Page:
Terrible performance on production cluster: slow queries


We are running a Druid cluster in production for last few months. We have 5 node cluster (2 historical, 2 brokers, 2 middle managers, 1 coordinator and 1 overlord. I know for 2 coordinators and 2 overlords are recommended. But that is not something that is causing any immediate problems i think. Brokers are behind a load balancer)

The Druid cluster is hosted on IBM cloud Kubernetes service where pods get deployed over couple of worker nodes. Some of the druid processes could run on worker nodes which have other applications running. (I haven’t seen any OOM issues on any of the druid pods, just that the queries are extremely slow)

Recently we noticed that our APIs which internally fetches data from druid are quite time consuming. After looking at the time spend by the problematic API in New Relic we noticed that the connection to druid was taking lot of time (sometimes ridiculously high as 15+ seconds).

I tried following things:

  1. I initially thought this could be due to less number of brokers so i tried scaling them first. That didn’t have any effect.

  2. Since broker and historical processes benefit greatly from CPU and RAM, i tried adjusting some of the parameters for these processes such as : druid.server.http.numThreads, druid.broker.http.numConnections, druid.processing.buffer.sizeBytes, druid.processing.numMergeBuffers, druid.processing.numThreads and adjusted -Xms,-Xmx, XX:MaxDirectMemorySize accordingly. That has not helped yet. I may not have set the best possible configs.

Cluster details:

-Datasource being queried is hardly 12MB.

-The number of segments is 1634

-Data exists from 5th February 2019

  • Size of each segments is few KBs ( i wonder if this could be a problem)

  • Caching is enabled on historical and disabled on broker.

The segment granularity is 15 minutes and the datasource consists of 20 dimensions with around 7-8 high cardinality dimensions ( UUIDs) and rest are relatively lower cardinality, things such as browserName, osType etc. We mostly query data with query granularity of DAY but we have kept segment granularity as 15 minutes incase we decide to support lower granularity such as HOUR or 15 Minute. The only query we use is groupBy query.

What i am unable to understand is that, with a relatively low size of datasource, why would queries take more than few milliseconds?


  1. Is it because of the segment granularity of 15 minutes and multiple dimensions (some with high cardinality) leading to the low sized segments?

  2. If there are multiple segments (15 minutes buckets/granularity each) each sized few KBs and if the query is with granularity DAY or HOUR or WEEK, does merging the individual segments take lot of time on historicals/broker. How can this speed up? should any queries really take more than few milliseconds?

I also enabled metrics in order to determine where the bottleneck could be. Attaching the metrics for the broker node Metric-broker.txt( I copied the metrics for one the queries to avoid large file) . The metrics such as query/time, query/node/time doesn't look good. I think it takes lot of time for the data to come from historical to broker.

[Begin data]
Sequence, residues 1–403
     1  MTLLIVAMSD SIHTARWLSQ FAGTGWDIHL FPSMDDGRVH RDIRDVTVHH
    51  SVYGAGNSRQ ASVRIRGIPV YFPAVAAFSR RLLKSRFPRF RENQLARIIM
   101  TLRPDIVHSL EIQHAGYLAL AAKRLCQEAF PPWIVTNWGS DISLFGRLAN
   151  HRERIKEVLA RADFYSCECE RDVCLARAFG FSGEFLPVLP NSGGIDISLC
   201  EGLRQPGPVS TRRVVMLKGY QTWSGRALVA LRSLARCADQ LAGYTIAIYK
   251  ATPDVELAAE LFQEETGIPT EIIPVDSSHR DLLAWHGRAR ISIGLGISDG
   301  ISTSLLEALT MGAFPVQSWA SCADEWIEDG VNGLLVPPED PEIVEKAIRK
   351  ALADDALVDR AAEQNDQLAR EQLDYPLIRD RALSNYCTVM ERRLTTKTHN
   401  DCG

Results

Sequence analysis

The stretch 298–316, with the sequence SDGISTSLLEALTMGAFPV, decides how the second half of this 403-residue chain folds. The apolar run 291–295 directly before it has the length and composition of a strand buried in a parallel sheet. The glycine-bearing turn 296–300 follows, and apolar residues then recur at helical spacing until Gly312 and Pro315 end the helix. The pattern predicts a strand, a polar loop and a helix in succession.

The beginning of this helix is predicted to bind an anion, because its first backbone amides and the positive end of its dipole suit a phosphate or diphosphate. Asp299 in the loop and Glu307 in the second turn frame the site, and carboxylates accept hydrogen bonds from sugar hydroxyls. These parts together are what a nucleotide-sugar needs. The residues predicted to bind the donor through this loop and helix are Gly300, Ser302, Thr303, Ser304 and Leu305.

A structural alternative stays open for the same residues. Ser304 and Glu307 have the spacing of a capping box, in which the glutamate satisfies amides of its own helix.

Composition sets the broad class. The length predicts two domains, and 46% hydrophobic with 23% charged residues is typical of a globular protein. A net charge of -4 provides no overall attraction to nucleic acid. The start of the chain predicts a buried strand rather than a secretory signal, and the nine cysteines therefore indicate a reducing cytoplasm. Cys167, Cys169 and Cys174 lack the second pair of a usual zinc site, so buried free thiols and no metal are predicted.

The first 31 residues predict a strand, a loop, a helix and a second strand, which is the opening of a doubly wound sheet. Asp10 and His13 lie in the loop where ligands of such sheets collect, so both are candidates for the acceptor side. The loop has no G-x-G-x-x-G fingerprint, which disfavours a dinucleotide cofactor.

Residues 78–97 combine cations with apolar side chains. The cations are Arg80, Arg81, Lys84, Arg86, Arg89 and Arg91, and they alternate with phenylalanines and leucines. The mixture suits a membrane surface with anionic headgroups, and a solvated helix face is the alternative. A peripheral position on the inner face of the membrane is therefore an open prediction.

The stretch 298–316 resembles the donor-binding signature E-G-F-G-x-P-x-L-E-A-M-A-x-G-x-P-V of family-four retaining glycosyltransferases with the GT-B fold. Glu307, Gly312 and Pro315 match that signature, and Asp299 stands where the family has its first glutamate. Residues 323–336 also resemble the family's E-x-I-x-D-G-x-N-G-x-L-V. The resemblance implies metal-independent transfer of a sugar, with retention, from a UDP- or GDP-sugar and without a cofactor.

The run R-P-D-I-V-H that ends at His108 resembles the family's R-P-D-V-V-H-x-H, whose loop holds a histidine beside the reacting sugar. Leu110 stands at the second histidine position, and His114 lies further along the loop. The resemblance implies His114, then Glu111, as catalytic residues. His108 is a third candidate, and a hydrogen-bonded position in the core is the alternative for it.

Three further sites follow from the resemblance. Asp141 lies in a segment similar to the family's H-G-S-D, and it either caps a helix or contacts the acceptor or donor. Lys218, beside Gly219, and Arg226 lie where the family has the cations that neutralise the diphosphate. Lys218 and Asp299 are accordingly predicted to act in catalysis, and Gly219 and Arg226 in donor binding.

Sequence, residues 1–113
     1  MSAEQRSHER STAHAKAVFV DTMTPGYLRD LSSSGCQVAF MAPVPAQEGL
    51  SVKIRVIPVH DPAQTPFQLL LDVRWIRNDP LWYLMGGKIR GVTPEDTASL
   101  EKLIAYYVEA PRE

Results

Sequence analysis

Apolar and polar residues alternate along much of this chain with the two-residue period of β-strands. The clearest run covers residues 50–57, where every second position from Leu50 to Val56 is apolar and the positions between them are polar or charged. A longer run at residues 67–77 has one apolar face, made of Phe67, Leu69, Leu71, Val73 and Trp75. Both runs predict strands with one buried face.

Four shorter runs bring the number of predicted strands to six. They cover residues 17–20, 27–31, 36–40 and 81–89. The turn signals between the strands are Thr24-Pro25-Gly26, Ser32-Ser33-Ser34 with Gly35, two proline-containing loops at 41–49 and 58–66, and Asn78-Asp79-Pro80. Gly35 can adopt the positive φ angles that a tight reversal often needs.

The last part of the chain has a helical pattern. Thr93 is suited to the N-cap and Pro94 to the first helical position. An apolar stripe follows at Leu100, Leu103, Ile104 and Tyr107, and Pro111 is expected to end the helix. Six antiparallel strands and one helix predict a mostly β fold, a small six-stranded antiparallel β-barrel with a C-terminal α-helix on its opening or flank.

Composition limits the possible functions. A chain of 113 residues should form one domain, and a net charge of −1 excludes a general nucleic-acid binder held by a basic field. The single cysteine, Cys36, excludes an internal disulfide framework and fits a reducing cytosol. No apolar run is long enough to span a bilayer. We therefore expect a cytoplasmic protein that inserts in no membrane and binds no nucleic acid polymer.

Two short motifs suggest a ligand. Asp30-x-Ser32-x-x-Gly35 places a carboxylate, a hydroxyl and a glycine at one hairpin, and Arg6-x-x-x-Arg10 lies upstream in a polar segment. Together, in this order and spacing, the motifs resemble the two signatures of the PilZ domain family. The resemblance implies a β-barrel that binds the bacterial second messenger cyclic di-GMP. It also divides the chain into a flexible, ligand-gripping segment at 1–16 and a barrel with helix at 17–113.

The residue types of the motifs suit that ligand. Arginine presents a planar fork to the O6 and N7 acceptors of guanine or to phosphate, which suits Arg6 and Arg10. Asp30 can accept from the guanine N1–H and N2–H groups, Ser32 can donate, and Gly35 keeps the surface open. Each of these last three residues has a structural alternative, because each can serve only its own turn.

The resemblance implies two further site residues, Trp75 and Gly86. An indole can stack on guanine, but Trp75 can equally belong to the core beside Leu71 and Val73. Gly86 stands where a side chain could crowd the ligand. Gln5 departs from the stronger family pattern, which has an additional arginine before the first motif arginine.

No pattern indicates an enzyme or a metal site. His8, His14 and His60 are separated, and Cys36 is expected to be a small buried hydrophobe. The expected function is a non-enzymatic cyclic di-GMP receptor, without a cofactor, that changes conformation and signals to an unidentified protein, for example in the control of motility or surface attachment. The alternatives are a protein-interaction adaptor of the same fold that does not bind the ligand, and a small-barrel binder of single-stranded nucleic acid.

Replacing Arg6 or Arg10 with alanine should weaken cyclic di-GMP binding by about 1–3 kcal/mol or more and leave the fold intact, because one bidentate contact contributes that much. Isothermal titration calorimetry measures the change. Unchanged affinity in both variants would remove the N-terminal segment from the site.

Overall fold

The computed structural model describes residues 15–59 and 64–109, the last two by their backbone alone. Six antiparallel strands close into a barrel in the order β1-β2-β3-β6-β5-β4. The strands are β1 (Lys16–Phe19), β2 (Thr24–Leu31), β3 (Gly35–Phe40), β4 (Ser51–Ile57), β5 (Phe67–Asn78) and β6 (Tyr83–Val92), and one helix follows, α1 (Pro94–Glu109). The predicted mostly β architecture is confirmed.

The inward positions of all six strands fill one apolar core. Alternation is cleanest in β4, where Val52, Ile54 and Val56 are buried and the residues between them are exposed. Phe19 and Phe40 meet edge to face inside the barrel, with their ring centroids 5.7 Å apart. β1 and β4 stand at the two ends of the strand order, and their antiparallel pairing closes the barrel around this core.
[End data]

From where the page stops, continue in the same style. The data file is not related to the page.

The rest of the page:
Can someone take a look at the metrics for one of the queries and help identify the issue?

**I am not able to figure out if the issue is because of the cluster or the size of the data segments and the segment granularity being used.**



Metric-broker.txt (225 KB)

Hey Prathamesh,

I feel like this has been addressed in some of your other threads, but just to respond to this one:

Your poor query performance is absolutely related to the size of your segments. Note that query granularity and segment granularity are **two unrelated concepts** - query granularity at ingestion time determines the minimum granularity of the time buckets for aggregations, whereas segment granularity determines how your data is partitioned when written to disk. you can have segment granularity of DAY and still do minute, second, or millisecond query granularity. You should definitely look into re-ingesting (if you still have the source data) or re-indexing those segments with a broader segment granularity so that you get much larger segments. General guidance is that segments should be between 300-700MB in size, so if you're only working with 12MB, this should be a single segment.

(Each segment can only be handled by a single processing thread, so by putting your data into a single segment, you will only be using one thread in your query which may be sub-optimal right now. But presumably, you will be ingesting significantly more data than this in the future, at which point you'll greatly benefit from having properly sized segments.)

Hey David,

Yes. This has been addressed already by you.

Just in case anyone finds this thread here are related discussions:
Druid internals: Connection pooling on brokers and historicals - https://groups.google.com/forum/#!topic/druid-user/sjhVuqZY_qU

Acceptable query time for data worth 6 months - https://groups.google.com/forum/#!topic/druid-user/znXXHgMh1EQ

concurrent queries: Scale broker nodes or historical nodes - https://groups.google.com/forum/#!topic/druid-user/z5T1kUvcXsQ

Number of dimensions & granularity affecting query performance - https://groups.google.com/forum/#!topic/druid-user/AHiz7Kl5Y1k